What time is it? Right now it’s coffee time. My coffee this morning is quite dreadful. I am considering pouring it out and making a fresh cup. ‘Now’ matters that much; if I am not present in the moment, my actions may not be sufficiently relevant to my needs, and I may be unaware even of what my needs in the moment actually are. Me, personally, at 4:43 am…I need coffee, and frankly, my preference is that it be, if not exceptional, at least quite good. So…now I am going to make a fresh cup of coffee because this one… yeah… it sucks. It’s definitely important to pay attention while making coffee if using something that requires an artful touch, and some precision, as with a pour over. “Paying attention” is one way to describe mindfulness.

Second cup, no second thoughts – and it is still very much ‘now’. That’s how it tends to be – ‘now’. What will I do with the moment? I rarely pause to consider it, I simply do and be much of the time, and I don’t make that observation with any hint of criticism. I find life is to be lived. I strive to live well, and mindfully, and mostly doing so is more pleasant than not, and tends to result in a certain sense of worthiness to the entire endeavor – which seems worth having, and reason enough to work at it attentively, investing in good self-care practices, and learning to cope compassionately with my injury and my damage. ‘Now’ has become a pretty big deal.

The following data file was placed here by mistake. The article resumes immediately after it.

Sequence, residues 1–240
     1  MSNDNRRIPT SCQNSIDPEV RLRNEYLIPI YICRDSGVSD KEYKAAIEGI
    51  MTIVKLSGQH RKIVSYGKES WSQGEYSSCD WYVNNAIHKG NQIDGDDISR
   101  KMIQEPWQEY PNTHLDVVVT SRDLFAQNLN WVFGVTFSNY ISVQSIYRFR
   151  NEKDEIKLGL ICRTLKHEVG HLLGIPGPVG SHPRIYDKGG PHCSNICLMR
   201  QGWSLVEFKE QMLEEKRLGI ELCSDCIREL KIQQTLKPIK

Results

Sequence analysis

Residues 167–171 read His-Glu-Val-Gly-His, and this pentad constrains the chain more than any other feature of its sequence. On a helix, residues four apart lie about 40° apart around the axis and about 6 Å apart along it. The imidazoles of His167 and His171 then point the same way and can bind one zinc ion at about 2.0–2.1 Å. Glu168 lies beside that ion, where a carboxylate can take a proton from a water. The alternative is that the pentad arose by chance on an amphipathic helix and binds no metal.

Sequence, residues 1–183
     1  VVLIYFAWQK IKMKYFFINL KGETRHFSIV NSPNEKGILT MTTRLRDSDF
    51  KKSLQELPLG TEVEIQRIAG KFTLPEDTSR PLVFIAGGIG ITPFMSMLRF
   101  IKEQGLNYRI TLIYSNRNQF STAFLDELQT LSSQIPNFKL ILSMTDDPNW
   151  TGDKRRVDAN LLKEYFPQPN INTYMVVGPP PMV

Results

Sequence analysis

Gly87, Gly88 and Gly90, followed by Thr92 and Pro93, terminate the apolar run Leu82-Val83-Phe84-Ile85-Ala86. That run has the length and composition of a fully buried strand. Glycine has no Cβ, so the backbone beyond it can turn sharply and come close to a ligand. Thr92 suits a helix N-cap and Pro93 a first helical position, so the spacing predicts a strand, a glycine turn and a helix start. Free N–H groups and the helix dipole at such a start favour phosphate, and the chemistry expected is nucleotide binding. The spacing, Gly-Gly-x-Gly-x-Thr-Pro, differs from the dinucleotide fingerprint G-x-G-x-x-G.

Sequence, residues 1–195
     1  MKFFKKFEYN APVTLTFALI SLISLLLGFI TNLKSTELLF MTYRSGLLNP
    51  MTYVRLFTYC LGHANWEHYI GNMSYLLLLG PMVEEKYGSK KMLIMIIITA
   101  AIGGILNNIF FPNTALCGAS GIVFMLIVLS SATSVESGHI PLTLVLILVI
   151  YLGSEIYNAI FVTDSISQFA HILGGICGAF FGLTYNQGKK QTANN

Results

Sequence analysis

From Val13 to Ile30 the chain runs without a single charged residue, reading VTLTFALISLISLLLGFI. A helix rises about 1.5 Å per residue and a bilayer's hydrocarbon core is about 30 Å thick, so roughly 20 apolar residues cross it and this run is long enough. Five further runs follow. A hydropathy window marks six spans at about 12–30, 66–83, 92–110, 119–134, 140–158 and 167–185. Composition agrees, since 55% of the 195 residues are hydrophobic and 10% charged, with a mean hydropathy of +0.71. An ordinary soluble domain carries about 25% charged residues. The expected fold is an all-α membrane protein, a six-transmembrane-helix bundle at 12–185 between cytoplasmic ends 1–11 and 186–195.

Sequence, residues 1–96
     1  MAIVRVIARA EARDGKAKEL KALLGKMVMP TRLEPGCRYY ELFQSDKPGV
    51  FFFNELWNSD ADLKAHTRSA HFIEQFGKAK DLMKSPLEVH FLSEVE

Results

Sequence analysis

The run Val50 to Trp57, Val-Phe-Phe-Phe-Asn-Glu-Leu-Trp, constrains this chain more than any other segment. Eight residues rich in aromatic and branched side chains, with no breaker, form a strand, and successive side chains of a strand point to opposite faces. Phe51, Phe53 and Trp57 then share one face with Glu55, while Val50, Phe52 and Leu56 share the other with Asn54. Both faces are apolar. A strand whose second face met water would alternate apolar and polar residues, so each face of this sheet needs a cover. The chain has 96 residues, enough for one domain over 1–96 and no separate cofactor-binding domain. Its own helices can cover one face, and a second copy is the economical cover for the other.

Here’s something noteworthy about ‘now’, though – it’s easily wasted. It can slip away in an instant and become hours that have passed me by without action, without effort, without any investment of will and intent, and without significant result, or activity worthy of later recollection (I’m looking at you, television!). I find that almost any moment spent mindfully aware, even the painful ones, and yes, even the ones spent in stillness, meditating or watching clouds drift by, is a moment well spent. I remember more when I am awake, aware, and present. I have the sense that I am doing or achieving more, regardless how much ‘got done’. Life feels lived – as though the noun itself comes alive and gets all verb-y straight away – when I approach it mindfully, aware of my choices, deliberate in my actions. Time itself passes more slowly – and ‘now’ becomes of even greater value, extended, prolonged, and significant.